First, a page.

What does Law 2.0 mean to you?

Credit is due to the Wired GC for first coining the phrase “Law 2.0” back in December 2005, having posted the week before on Web 2.0, Law Style in which he foresaw that:

Web 2.0 will be disruptive for the [law status quo], because some measure of control will be lost. And its simple technical browser-based attributes will necessarily lower user costs. That is something that always grabs a client’s attention.

He followed this up a week later with Web 2.0, Heading West to Law 2.0 wherein:

a few of the attributes of Web 2.0 are things like open communication, decentralization of authority, freedom to share and re-use, and a more organized and categorized content. Sounds like legal-research nirvana to me. … Yes, someday maybe the Death Star hovers over [Thomson/West and LexisNexis]

Then in a later post he points to Dion Hinchcliffe’s helpful summary of various “offshoots” of the Web 2.0 “revolution”, and there Law 2.0 is, centre stage:

Dion describes the Law 2.0 and similar movements in rather expansive terms:

The interrelated, mutually reinforcing concepts in Web 2.0 like true disintermediation, customer self-service, and harnessing collective intelligence, are resonating with many other industries. As it turns out, these industries are in the process of being transformed by technology including the relentless collapse of formal central controls, pervasive Web usage, rapid technological change, and more. These communities seem to be craving a new model for collaboration, relevance, and usefulness. And Web 2.0 seems to give them both a beacon to rally around and a useful set of practices that can then be used for constructive reinvention.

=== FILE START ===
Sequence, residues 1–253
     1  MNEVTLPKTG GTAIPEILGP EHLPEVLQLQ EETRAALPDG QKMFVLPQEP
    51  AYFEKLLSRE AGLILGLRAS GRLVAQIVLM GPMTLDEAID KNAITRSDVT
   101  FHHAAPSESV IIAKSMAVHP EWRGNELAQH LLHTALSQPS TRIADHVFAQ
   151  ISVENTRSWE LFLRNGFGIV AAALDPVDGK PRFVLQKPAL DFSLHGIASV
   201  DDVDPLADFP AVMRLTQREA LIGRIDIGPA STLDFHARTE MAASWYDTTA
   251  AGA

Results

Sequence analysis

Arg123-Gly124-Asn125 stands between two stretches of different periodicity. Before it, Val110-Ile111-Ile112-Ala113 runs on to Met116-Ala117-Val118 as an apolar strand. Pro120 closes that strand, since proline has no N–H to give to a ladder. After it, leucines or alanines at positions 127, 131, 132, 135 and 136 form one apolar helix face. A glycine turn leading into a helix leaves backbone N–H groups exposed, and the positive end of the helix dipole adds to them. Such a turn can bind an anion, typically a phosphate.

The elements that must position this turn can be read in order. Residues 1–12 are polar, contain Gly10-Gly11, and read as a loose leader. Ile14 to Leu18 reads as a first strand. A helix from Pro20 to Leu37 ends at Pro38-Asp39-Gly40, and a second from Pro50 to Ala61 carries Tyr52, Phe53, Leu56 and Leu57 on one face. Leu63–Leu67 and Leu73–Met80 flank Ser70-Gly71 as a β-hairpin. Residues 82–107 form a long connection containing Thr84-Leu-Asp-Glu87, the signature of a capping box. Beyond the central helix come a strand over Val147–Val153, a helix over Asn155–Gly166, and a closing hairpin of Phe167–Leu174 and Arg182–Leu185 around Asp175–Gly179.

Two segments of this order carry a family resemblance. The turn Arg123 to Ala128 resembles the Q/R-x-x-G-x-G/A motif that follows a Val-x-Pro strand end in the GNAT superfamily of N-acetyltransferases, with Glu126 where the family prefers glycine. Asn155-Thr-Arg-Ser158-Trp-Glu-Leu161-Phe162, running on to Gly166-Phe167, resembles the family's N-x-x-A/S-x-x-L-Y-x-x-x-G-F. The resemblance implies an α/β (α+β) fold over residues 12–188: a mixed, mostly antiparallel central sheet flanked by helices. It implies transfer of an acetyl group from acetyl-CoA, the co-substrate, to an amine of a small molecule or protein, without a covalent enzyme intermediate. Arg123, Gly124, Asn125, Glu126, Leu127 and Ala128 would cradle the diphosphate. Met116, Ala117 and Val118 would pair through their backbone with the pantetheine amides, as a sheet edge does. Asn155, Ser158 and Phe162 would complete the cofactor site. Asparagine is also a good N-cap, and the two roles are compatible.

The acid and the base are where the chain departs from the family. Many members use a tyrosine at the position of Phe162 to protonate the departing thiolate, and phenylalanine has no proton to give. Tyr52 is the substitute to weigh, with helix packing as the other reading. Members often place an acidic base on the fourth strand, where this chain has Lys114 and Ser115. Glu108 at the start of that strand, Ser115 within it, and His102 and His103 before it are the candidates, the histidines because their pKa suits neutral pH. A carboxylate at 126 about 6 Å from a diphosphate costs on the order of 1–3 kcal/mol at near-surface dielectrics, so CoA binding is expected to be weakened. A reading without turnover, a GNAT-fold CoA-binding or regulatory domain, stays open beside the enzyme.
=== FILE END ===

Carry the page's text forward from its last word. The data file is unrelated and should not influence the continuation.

As I posted recently, other thought leaders have developed the discussion, including Between Lawyers (in particular, Dennis Kennedy and Tom Mighell).

I’m hitching my bandwagon to these commentators, rather than the SCL who also adopted the term in promoting its recent two-day “blue skies” intensive legal investigation into the world of Web 2.0 entitled Law 2.0: New Speech, New Property, New Identity. As the title suggests, the focus there was the law and regulation of Web 2.0 rather than the use of Web 2.0 by and for lawyers.

And, convinced of its importance, Delia Venables and I have tagged the title of our bi-monthly newsletter Internet Newsletter for Lawyers & Law 2.0.

So, what does Law 2.0 mean to you?